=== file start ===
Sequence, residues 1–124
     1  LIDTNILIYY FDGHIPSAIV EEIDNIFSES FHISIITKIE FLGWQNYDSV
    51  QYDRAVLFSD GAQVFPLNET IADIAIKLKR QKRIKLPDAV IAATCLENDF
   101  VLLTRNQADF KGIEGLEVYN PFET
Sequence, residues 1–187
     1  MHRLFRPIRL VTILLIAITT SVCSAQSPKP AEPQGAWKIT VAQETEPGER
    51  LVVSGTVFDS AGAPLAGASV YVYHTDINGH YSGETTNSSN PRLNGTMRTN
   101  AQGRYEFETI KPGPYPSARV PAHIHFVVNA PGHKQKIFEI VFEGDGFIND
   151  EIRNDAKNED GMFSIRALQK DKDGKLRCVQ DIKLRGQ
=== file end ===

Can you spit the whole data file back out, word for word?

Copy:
Sequence, residues 1–124
     1  LIDTNILIYY FDGHIPSAIV EEIDNIFSES FHISIITKIE FLGWQNYDSV
    51  QYDRAVLFSD GAQVFPLNET IADIAIKLKR QKRIKLPDAV IAATCLENDF
   101  VLLTRNQADF KGIEGLEVYN PFET
Sequence, residues 1–187
     1  MHRLFRPIRL VTILLIAITT SVCSAQSPKP AEPQGAWKIT VAQETEPGER
    51  LVVSGTVFDS AGAPLAGASV YVYHTDINGH YSGETTNSSN PRLNGTMRTN
   101  AQGRYEFETI KPGPYPSARV PAHIHFVVNA PGHKQKIFEI VFEGDGFIND
   151  EIRNDAKNED GMFSIRALQK DKDGKLRCVQ DIKLRGQ